Thursday, May 31, 2012

Believe Me

by T.J.

I don't write non-fiction. (One day I might, I have some ideas.) But this topic is about credibility in fiction.

Some people out there are probably saying "What? It's fiction. It doesn't have to be real, right?" True, it doesn't have to be an actual course of events. But you're still asking a reader to believe it. Why? Because if a reader is gonna escape into your book, they need to feel like they're not being lied to or they'll leave.

And then my favorite response to this is "I write fantasy. It doesn't have to be real." Of course not. All fiction is supposed to be--well--fiction, no matter the genre. But what you need is to have a world presented in such a way that the reader isn't going to say "Even for this world, that's impossible."

Let me give an example of how this would work. I'm going to go at the easy scapegoat: Twilight. Now, I've never read Twilight. But, I've seen the movie. By no means would I claim to be an expert on the story. I just know enough of it. So let's say Bella walked out of school and all of a sudden a dragon appeared. And Jacob and Edward had to team up to take the scary beast out.

Now as cool as that would be, it just isn't plausible. The world Stephenie created isn't a world with dragons in it. It's a world with humanoid mystical beings. There aren't elves and dwarfs running around. Bella and Edward didn't leave their wedding on their brand new USS Redwood space shuttle.

This is a pretty drastic example, but the point is there. Sometimes, we may do something that pulls our reader out of believing in our story. It could be something as subtle as missing an eye-color change. Perhaps it's a day of the week. FYI, I've read 2 published books where the author wrote one day down and then wrote another day down shortly thereafter as if referring to the first date stated. Inconsistency is a pill and I'll catch it most of the time. Another one I read about a character's ancestor. This ancestor went from great-grandfather to great-great-great-grandfather to great-great-grandfather.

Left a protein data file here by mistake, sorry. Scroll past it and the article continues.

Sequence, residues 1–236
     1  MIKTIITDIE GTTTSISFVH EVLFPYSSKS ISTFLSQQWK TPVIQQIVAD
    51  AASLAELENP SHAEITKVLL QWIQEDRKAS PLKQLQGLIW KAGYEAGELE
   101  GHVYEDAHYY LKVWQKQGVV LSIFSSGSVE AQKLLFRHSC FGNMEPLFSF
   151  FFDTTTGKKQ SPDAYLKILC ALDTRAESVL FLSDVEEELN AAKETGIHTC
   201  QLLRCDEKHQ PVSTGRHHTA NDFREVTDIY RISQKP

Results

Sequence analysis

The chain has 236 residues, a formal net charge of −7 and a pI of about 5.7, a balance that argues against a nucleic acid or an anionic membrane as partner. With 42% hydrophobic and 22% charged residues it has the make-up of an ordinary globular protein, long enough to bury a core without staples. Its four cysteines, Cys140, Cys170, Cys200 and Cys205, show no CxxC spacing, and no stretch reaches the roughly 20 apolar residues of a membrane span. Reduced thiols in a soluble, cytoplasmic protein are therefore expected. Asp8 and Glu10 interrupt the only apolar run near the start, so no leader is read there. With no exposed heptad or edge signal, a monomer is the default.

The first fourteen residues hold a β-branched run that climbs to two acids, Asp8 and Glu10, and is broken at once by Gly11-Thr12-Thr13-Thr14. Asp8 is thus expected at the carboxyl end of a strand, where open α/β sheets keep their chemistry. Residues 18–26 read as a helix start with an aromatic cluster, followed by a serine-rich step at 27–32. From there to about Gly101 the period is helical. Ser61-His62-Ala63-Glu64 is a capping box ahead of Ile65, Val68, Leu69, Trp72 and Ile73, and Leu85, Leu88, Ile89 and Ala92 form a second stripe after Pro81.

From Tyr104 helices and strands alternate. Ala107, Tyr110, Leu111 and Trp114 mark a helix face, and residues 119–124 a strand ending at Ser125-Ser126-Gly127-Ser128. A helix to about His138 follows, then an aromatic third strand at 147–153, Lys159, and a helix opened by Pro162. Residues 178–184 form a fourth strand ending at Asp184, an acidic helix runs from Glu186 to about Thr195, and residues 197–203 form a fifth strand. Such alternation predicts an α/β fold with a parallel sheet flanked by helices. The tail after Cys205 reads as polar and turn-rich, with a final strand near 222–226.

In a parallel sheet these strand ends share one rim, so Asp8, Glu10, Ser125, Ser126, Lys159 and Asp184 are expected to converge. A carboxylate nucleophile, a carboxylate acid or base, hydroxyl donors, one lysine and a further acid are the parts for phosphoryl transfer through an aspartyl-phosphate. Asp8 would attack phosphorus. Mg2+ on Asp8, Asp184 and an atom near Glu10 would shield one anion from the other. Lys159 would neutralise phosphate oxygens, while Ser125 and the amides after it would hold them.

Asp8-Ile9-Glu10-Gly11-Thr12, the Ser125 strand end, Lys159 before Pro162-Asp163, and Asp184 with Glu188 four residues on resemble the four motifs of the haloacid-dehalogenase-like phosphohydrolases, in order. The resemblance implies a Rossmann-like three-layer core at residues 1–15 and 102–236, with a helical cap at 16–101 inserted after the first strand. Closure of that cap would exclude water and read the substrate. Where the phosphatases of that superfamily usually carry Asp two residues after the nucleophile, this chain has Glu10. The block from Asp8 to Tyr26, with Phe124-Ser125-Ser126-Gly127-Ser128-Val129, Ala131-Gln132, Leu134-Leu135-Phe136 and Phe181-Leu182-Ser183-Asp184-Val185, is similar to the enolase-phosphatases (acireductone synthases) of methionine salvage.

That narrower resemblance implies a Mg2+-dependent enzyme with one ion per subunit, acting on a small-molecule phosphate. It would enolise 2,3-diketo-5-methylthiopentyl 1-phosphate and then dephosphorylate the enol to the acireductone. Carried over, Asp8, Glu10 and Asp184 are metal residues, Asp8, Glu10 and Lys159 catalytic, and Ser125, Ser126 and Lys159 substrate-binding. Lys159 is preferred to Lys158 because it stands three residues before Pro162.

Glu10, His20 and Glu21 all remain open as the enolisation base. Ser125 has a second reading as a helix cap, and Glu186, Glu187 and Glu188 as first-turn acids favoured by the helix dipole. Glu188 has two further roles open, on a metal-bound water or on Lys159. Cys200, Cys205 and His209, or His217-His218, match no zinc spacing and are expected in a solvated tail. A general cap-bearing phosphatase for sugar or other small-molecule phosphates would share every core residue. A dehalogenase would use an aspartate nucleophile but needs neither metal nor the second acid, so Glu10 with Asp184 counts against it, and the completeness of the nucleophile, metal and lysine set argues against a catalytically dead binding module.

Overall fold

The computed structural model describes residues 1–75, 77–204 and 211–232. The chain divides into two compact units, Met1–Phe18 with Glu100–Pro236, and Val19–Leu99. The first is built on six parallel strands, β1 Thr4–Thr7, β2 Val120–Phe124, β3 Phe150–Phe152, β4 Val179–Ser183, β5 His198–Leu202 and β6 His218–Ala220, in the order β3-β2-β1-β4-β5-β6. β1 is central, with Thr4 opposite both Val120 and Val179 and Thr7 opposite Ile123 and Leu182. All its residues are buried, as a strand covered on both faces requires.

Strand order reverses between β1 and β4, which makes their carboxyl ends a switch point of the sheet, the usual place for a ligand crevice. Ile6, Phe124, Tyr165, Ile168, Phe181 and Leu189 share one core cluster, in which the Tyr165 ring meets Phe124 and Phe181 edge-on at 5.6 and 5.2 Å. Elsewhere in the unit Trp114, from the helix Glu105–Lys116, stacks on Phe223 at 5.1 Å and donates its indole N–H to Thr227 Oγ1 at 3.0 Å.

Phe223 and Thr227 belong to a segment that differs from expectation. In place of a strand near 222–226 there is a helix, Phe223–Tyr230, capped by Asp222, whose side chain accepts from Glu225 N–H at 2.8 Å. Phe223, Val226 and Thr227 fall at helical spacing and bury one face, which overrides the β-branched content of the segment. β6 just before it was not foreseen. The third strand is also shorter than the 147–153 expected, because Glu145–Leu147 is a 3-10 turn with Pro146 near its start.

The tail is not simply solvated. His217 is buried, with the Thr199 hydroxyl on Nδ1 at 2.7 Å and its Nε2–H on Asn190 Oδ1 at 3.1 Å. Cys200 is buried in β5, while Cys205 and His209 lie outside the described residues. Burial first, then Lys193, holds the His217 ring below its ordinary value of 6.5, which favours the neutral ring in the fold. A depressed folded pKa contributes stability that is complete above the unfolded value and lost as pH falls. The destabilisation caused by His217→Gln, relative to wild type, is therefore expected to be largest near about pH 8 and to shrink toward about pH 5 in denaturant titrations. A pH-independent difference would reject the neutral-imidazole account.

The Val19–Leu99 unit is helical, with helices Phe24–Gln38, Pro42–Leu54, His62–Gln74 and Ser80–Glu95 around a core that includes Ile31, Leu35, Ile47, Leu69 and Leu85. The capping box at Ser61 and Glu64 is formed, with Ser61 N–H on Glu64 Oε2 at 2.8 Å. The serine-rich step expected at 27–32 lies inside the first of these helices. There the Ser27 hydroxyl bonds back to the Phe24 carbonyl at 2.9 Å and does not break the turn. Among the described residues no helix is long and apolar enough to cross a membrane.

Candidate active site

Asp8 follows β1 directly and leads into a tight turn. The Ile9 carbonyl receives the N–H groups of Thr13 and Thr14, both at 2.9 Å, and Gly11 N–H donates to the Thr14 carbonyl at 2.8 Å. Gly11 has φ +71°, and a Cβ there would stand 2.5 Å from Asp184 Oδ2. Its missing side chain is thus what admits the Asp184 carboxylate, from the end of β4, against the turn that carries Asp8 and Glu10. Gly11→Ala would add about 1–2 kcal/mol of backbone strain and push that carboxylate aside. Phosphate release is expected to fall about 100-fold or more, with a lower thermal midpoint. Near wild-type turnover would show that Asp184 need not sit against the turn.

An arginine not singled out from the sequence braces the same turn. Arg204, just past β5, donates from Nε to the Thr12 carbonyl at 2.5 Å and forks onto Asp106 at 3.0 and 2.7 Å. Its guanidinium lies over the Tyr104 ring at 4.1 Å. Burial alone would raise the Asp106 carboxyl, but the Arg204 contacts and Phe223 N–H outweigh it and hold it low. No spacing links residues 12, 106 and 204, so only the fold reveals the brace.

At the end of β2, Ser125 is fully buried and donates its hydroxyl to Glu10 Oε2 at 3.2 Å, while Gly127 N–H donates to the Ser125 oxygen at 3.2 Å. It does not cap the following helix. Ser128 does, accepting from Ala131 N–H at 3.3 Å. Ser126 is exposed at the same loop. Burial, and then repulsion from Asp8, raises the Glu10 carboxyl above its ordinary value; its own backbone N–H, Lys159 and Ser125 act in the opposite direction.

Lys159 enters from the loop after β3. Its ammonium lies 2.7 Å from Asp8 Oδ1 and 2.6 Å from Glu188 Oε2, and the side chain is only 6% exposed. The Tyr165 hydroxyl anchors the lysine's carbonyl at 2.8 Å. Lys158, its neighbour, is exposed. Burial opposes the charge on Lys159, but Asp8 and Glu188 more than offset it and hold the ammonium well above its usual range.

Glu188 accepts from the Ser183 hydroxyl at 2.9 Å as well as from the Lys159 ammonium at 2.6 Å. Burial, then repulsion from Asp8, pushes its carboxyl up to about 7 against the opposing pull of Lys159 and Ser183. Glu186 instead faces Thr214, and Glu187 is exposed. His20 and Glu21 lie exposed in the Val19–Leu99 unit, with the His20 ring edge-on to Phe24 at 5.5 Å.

If you can't keep your "facts" straight, you can't keep my attention.

So there we have "mismatched world" and "consistent data". Other ideas? Verbiage. If your character doesn't swear, then don't suddenly make him swearing up a storm if nothing set him off. Don't go back and forth between 19th century Queen's English and 21st century Ebonics. I won't like you. If you mesh them? You better do it right or your story's going to be put with my 3yo's stinky diapers.

Okay, that's enough ranting. (FYI, I suck at verbiage, so I'm reminding myself where my stories may end up.)

Alien abductions are involuntary, but probings are scheduled.

4 comments:

Gina said...

I am such a stickler for in-world fidelity. I can believe a lot of things, but WITHIN THE WORLD YOU CREATE there are rules, laws and truths. You have to stick to those. This means a lot more, of course, if you are writing contemporary, realistic fiction. However, even within fantasy/ scifi stories, these things exist.

The biggest thing people mess up is character consistencies. A sarcastic, self-preserving boy won't smile as he makes a joke. He deadpans it. A sweet, shy, bookish girl won't be thrilled about having to stand up in front of a crowd: there will be nervousness, etc. Character profiles determine how characters talk, think, dress, drive, eat, fight, kiss... pretty much EVERYTHING. and it drives me batty when authors don't think this through all the way.

Leslie Pugh said...

I agree - the author has to keep their facts straight. I've also heard about authors that use the names of real towns/schools/etc. in their works but then twist things around and the readers that live in or near those actual places don't appreciate the inaccuracies. I say you either need to fictionalize all place names or get the facts straight about what street goes where or things like that.

Jessica G. said...

This is why I couldn't write non-fiction or historical fiction. Too restricted by things like "facts" and "what really happened."

Donna K. Weaver said...

Do you have a book in mind as you write this? lol